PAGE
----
Taoism & Legalism in the Chinese Zhou Dynasty Video

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  • 0:00 China During the Zhou Dynasty
  • 1:25 Rise of Taoism
  • 3:16 Zenith of Legalism
  • 5:00 Lesson Summary
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Lesson Transcript
Instructor: Kevin Newton

Kevin has edited encyclopedias, taught middle and high school history, and has a master's degree in Islamic law.

While Confucianism remained the most dominant philosophy to emerge from China during the Zhou period, two other philosophies, Taoism and Legalism, offered different approaches to how to best live in the world.

China During the Zhou Dynasty

The Zhou Dynasty may have been the longest single dynasty in Chinese history, but that does not mean that the government is fondly remembered by the Chinese or their historians. A far cry from the heavily centralized dynasties that would both precede and follow it, the Zhou were often unable to maintain control during their almost 800 years of rule, from 1046 BC to 256 BC. In fact, for much of that time, the emperor was a mere figurehead, as local warlords fought for control during the Spring and Autumn Period and the Warring States Period.

It was during this time of political turmoil that the most prominent of Chinese philosophies, Confucianism, took root. The new school of thought put emphasis on the inherent goodness of people, the importance of education to maintain that virtue, and above all else, the importance of relationships between people to ensure the stability of society. Given the considerable respect afforded rulers, as well as the efficiency with which it encouraged bureaucrats to do their jobs, it's not surprising that Confucianism quickly became popular throughout the Chinese world. However, it was not alone. Two other philosophical traditions emerged during this period, one that would heavily complement Confucianism and another that would challenge it.

Rise of Taoism

Taoism approached life's great philosophical questions in a different method than Confucianism. Whereas Confucianism focused on relationships between people, Taoism focused instead on a person's relationship with the world around them. Pioneered by Lao Zi, Taoism focused on trying to find meaning in the concept of Tao, which is loosely translated as 'way' or 'path,' however the word is much broader than that. In fact, Taoists are discouraged from trying to define the concept of Tao, as it is too great of a concept to define. This is similar to the way that Abrahamic Monotheists are discouraged from trying to quantify God with words, as the deity is limitless and beyond language. Another way of looking at it would be trying to explain every aspect of a particularly large Where's Waldo picture using only a thousand words. It would be next to impossible to do without error.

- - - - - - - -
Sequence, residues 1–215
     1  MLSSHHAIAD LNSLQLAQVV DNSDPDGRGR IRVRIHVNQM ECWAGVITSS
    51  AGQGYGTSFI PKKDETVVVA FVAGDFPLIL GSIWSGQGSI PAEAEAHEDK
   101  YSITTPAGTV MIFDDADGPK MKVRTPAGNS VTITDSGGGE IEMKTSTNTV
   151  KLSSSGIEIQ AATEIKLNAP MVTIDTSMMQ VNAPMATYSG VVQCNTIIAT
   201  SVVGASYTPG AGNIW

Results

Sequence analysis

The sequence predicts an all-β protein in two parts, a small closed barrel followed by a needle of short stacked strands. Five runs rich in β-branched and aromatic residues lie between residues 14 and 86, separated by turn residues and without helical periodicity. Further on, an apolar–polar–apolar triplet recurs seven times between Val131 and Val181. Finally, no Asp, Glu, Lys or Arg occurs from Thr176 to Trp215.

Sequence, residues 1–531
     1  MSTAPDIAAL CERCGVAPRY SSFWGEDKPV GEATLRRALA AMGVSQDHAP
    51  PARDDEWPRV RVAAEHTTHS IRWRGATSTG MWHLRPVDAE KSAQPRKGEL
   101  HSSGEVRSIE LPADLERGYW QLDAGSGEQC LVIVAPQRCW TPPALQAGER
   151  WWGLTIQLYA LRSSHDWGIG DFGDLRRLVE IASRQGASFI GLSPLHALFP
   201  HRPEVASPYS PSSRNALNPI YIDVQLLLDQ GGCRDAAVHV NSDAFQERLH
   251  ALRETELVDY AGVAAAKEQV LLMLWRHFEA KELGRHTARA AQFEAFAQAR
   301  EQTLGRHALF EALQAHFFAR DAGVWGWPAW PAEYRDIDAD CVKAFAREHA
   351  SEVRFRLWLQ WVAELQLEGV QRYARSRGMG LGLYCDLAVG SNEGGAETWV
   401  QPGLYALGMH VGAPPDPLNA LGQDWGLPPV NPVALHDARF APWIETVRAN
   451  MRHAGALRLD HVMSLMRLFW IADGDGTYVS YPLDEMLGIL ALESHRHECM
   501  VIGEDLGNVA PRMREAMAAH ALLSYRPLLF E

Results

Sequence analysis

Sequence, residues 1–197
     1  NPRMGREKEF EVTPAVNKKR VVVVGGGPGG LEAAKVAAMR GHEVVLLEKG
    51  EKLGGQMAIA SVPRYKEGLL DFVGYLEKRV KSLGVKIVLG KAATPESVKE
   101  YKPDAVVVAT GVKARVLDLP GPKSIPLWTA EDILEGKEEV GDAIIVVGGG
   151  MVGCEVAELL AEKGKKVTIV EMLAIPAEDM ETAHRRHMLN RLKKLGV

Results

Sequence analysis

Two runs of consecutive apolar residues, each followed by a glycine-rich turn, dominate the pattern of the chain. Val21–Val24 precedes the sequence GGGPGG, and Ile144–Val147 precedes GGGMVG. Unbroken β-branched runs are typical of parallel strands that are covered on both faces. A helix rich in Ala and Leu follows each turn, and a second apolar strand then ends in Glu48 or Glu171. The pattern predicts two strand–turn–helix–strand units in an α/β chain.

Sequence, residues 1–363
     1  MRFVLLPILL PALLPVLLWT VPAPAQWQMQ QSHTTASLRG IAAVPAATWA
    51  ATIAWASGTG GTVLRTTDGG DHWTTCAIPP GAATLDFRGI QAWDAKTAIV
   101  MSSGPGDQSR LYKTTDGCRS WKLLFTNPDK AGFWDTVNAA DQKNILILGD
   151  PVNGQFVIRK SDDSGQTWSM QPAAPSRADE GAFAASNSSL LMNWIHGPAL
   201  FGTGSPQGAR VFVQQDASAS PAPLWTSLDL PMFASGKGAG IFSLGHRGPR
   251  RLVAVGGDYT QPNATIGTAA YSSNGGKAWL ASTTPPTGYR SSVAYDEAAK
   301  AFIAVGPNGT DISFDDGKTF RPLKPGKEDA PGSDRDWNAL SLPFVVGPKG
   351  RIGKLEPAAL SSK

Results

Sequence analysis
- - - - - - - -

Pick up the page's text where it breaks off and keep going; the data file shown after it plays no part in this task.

Despite its different approach from Confucianism, Taoism actually worked quite well in concert with Confucian teachings. For starters, Confucianism offered little advice on how to exist outside of relationships, while Taoism encouraged people to seek the exact harmony in relationships that Confucianism stressed.

Confucianism was also very useful for people's careers, but Taoism was often more personally fulfilling. In other words, Confucianism was the sort of philosophy one used when he or she had to show respect and be professional, whereas Taoism could be used when one could relax and have some 'me' time. It is therefore not surprising that a common symbol of Taoism is the Yin Yang, which shows the world in balance with two forces in opposition.

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